Jakarta: – Islamic financial institutions work separately in Indonesia, making their growth relatively stagnant compared to similar institutions in other countries despite the potential posed by serving the world’s largest Muslim population.
The growth of sharia finance in Indonesia is stagnant at 4.8 to 4.9 percent yearly. It has never reached above 5 percent. Thus, Islamic-based financial institutions in Indonesia are relatively small and seen as being second rate compared to conventional financial institutions.
“It affects [fund] collection and distribution despite it being a potentially big market. It makes the cost of funds at sharia banks higher than that at conventional banks,” Islamic Development Bank (IDB) Indonesia country director Ibrahim Shoukry told thejakartapost.com in Jakarta on Saturday.
Usually, a sharia institution functions only as an extension of a conventional bank, he said, and therefore the infrastructure and human resource were usually not as strong as those in its parent company.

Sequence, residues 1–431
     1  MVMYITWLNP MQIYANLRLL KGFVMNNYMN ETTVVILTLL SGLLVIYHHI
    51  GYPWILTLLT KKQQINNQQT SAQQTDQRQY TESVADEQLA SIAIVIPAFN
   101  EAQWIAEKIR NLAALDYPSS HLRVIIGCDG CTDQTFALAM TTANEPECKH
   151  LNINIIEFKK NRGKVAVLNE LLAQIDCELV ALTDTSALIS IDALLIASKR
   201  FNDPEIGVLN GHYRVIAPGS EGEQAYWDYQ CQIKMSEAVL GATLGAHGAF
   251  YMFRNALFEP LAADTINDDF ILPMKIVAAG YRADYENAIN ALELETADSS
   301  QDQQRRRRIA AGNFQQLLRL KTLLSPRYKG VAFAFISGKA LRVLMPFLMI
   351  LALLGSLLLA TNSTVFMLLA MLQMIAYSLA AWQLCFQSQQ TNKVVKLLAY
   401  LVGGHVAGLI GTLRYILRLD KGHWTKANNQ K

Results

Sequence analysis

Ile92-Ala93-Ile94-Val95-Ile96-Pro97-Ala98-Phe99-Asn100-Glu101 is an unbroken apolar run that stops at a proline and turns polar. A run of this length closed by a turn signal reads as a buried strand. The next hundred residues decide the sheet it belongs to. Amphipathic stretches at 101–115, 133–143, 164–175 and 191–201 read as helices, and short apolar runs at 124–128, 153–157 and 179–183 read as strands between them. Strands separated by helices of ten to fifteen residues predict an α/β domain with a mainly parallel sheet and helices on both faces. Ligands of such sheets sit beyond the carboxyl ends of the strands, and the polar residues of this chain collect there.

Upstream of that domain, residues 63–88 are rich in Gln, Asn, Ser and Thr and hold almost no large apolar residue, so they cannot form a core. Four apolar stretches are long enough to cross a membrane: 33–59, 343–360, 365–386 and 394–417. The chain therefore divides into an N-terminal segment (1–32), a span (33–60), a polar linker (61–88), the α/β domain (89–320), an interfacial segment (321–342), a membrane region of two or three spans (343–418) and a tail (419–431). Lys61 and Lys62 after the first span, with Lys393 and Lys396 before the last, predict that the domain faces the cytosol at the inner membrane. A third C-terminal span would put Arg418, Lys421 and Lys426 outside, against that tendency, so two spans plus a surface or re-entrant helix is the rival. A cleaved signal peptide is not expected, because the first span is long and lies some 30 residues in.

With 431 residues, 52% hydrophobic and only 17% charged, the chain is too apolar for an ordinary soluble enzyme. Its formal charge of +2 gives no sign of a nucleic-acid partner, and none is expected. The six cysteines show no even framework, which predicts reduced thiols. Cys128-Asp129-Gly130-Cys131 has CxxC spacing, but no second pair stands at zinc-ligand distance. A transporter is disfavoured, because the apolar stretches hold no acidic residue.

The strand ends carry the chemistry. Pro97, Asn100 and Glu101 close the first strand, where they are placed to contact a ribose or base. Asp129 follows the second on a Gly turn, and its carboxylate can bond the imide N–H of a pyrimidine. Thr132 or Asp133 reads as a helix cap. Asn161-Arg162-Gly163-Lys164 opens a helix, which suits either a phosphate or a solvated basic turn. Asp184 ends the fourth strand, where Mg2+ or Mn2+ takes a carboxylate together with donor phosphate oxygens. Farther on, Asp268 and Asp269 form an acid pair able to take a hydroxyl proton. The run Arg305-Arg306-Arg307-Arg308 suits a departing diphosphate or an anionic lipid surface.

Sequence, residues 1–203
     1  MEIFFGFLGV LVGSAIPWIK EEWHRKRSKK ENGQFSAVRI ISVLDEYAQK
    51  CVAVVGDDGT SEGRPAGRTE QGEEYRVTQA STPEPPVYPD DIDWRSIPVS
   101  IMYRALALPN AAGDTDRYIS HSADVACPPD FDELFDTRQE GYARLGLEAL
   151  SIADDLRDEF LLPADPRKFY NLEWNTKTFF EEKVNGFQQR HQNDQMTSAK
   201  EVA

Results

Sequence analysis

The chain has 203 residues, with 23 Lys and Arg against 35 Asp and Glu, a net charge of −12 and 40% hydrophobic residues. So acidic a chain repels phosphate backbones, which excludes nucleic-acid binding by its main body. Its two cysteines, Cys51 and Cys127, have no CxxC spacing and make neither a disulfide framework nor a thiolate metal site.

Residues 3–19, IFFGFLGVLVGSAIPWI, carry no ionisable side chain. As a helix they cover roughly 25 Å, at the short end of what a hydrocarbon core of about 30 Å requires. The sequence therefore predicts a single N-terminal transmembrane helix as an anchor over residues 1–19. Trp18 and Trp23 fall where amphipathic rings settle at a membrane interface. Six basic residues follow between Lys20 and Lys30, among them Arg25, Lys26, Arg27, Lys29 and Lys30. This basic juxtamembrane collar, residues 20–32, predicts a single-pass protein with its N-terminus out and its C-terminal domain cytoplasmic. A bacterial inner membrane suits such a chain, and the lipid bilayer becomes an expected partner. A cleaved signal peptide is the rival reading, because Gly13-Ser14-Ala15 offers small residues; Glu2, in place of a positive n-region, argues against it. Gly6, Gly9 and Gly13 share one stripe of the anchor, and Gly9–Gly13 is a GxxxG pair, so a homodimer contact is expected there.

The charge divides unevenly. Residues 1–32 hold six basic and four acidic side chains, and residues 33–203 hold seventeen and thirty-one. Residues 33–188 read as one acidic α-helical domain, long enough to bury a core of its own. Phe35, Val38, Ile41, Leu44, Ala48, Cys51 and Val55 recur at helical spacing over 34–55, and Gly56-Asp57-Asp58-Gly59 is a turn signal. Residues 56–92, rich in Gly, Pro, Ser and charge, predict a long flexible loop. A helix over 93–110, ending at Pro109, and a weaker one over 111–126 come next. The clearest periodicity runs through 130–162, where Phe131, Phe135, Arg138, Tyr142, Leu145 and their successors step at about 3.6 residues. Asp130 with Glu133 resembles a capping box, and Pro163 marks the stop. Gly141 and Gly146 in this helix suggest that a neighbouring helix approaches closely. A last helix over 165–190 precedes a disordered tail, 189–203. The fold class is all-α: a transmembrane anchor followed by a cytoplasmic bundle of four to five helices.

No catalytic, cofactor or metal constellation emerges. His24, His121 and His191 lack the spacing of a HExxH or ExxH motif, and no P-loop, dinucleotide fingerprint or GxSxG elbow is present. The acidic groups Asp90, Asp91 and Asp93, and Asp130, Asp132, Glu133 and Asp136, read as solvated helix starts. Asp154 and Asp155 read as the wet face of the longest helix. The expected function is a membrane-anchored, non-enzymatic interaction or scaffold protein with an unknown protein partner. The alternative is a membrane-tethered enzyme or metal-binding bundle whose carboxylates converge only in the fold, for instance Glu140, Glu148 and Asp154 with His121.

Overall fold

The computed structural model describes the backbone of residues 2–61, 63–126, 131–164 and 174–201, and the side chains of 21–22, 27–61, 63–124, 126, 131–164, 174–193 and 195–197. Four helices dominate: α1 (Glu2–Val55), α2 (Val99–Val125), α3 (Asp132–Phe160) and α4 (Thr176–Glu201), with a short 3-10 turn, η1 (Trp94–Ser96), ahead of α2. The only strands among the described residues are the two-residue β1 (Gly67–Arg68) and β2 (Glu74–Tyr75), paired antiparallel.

Ibrahim voiced support for the government’s initiative to merge state-owned Islamic banks to expand their collection and distribution. “A bigger bank could attract bigger investors and play a bigger role in financing, such as in issuing bigger sukuk,” Ibrahim continued.
The same principle could be applied to zakat (mandatory alms) and sadaqah (charity) distribution institutions. There are many professionals that disburse funds, such as Dompet Dhuafa, LAZIZMU (under Muhammadiyah) and the PKPU (under Nahdlatul Ulama) and semi-professionals.
“People are comfortable making donations through people they can trust. If they join the effort, they can utilize zakat and sadaqah more to enhance the economy,” Ibrahim said.
Originally published ONwww.thejakartapost.com